“I appreciate that,” Caro said, refraining from pointing out again just how many of her female relations, including her own Mama, had died trying to taste that bliss. Her stepmother, ever optimistic, chose to see their deaths as unfortunate chance. Caro did not believe it to be mere coincidence, but there was no point continuing to argue the matter with Lady Denby.
Her stepmother’s genuine concern for her future usually kept Caroline from resenting – too much – Lady Denby’s increasingly determined efforts to push her toward matrimony…as long as the discussion didn’t drag on too long. Time to end this now, before her patience, always in rather short supply when discussing this disagreeable topic, ran out altogether.
“Enough, then. I promise I will view the company with an open mind. Now, I must change now if I am to get that ride before dinner.” She gave Lady Denby an impish grin. “At least I’ll don a habit, instead of my usual breeches and boots.”
Caroline was chuckling at her stepmother’s shudder when suddenly the chamber door was thrown open. Caro’s stepsister Eugenia rushed in, her cheeks flushed a rosy pink and her golden curls tumbled.
“Mama, I’ve heard the most alarming news! Indeed, I fear we may have to repack the trunks and depart immediately!”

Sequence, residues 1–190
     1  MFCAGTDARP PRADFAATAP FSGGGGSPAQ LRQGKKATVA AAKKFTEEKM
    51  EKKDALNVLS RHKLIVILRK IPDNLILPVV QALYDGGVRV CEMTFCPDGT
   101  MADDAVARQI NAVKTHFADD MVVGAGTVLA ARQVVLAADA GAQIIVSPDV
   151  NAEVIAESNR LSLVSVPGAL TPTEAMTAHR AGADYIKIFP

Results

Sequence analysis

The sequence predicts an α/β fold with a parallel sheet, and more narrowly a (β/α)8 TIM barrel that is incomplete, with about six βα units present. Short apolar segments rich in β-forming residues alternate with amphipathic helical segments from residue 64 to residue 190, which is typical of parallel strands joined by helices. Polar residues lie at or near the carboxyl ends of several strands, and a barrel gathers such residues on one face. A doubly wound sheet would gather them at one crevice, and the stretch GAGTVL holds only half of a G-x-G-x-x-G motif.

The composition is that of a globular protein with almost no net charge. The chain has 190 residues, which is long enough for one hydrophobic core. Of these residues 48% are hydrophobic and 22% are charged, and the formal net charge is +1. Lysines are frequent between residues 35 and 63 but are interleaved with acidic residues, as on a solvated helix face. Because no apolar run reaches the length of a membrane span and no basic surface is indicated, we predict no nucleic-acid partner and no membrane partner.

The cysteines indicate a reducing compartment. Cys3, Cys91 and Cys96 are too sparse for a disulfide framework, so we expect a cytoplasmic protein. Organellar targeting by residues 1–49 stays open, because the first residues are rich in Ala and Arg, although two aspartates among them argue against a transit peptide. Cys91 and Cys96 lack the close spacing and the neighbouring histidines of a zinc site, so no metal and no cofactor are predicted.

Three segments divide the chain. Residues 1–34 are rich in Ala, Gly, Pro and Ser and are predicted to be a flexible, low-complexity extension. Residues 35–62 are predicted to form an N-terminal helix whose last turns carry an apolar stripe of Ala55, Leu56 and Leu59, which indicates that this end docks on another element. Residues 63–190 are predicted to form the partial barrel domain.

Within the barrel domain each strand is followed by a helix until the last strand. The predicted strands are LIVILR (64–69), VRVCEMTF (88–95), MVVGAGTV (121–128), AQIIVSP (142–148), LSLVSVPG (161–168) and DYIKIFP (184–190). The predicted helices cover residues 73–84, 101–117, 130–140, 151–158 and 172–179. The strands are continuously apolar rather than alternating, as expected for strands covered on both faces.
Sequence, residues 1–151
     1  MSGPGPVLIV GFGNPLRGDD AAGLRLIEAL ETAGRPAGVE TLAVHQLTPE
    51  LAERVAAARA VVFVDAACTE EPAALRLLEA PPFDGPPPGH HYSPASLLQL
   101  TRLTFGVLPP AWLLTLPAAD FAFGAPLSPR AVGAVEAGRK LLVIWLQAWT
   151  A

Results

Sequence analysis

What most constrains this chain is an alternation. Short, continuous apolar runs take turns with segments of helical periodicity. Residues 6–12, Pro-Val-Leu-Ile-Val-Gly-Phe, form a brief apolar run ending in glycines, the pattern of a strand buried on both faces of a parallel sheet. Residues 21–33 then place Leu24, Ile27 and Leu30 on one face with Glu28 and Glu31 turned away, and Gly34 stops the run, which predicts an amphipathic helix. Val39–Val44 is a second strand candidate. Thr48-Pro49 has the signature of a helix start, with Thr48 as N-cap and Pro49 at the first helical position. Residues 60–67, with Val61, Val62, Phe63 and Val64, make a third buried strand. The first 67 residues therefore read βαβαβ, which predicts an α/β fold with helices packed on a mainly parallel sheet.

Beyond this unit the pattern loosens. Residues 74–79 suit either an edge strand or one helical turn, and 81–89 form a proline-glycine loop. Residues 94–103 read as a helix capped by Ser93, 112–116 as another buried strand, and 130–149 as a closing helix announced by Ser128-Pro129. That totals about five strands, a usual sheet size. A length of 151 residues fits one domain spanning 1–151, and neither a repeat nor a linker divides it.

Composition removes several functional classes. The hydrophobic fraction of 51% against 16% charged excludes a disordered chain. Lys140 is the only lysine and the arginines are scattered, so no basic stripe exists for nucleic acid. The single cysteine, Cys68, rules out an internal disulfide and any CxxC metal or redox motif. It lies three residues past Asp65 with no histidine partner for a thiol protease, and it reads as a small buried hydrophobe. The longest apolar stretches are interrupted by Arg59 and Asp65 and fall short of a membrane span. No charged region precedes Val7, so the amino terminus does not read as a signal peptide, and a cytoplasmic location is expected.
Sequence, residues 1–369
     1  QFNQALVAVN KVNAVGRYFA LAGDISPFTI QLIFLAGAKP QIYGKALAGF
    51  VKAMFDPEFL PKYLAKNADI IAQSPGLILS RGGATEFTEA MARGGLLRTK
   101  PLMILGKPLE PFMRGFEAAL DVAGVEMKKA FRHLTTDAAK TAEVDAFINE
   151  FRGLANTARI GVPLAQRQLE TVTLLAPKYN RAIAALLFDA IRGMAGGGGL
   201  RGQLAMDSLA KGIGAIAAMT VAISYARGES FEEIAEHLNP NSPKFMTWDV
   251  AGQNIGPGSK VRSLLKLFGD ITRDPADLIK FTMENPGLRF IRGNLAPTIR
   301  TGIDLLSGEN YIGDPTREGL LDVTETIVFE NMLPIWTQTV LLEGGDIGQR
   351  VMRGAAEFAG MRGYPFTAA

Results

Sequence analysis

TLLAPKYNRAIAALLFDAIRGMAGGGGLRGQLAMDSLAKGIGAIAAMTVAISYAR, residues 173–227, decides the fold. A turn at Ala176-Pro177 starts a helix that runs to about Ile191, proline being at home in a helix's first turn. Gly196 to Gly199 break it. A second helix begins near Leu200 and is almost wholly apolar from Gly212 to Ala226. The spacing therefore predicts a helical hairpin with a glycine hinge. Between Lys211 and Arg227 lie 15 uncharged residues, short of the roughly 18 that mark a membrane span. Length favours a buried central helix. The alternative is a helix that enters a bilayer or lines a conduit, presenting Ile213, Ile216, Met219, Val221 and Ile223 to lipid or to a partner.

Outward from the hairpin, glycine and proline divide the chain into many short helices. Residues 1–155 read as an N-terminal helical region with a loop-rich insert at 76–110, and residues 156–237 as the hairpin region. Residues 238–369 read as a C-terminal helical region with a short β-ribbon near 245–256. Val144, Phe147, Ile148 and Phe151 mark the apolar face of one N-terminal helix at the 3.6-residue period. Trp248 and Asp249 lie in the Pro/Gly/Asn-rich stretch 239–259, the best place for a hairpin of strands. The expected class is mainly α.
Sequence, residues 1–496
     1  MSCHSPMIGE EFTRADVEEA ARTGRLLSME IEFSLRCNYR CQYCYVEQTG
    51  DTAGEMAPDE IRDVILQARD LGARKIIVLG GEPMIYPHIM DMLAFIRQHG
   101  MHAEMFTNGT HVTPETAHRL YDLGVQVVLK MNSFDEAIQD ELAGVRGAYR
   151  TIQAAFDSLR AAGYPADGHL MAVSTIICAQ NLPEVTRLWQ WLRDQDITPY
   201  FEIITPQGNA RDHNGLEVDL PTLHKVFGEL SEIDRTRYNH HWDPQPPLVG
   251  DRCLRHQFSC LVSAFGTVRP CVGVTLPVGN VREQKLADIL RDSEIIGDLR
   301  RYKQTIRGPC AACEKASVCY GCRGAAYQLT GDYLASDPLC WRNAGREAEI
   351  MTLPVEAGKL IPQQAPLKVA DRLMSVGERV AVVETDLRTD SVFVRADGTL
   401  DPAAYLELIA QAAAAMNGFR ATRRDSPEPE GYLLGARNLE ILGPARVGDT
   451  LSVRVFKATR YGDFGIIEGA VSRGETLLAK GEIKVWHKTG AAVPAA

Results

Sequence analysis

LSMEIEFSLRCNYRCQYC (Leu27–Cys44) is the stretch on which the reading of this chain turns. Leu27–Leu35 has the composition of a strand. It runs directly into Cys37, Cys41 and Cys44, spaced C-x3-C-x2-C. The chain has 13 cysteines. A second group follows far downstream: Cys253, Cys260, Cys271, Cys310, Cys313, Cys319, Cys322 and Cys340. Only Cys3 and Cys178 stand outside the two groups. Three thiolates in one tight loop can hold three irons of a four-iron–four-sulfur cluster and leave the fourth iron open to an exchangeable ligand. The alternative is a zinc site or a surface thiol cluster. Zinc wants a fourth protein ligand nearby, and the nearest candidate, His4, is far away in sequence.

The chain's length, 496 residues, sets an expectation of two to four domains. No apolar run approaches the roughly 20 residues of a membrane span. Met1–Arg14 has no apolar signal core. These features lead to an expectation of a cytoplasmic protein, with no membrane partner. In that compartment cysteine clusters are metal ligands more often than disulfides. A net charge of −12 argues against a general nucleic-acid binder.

“Depart?” Lady Denby echoed. With a warning look at Eugenia, she turned to the maids. “Thank you, girls; you may go now.”
After the servants filed out, she faced her daughter. “What calamity has befallen that would require us to leave when we’ve only just arrived? Has Mrs. Ransleigh fallen ill?”
“Oh, nothing of that sort! It seems that her son, Mr. Alastair Ransleigh, just arrived here unexpectedly. Oh, Mama, he has the most dreadful reputation! Miss Claringdon says he always has an actress or high flyer in keeping, or is carrying on a highly publicized affair with some scandalous matron! Sometimes both at once!”
“And what would you know of high-flyers and scandalous matrons, Eugenia?” Caro asked with a grin.
“Well, nothing, of course,” her stepsister replied, flushing. “Except what I learned from the gossip at school. I’m just relating what Miss Claringdon said. Her family is very well-connected, and she spent the entire Season in town last spring.”
“Poor Mrs. Ransleigh!” Lady Denby said. “What an embarrassing development! She can hardly forbid her son to enter his own home.”
“Yes, it’s quite a dilemma! She cannot send him away, but if any of us should encounter him…why, Miss Claringdon said merely being seen conversing with him is enough for a girl to be declared fast. How enormously vexing! I was so looking forward to becoming acquainted with some of the ladies and gentlemen that I shall meet again next Season in London. But I don’t want to remain and have my reputation tarnished before I’ve even begun.” She sighed, a frown marring her perfect brow. “And that’s not all!”
“Goodness, more bad news?” Lady Denby asked.
“I’m afraid so. Accompanying Mr. Ransleigh is his cousin, the Honorable Mr. Maximillian Ransleigh.”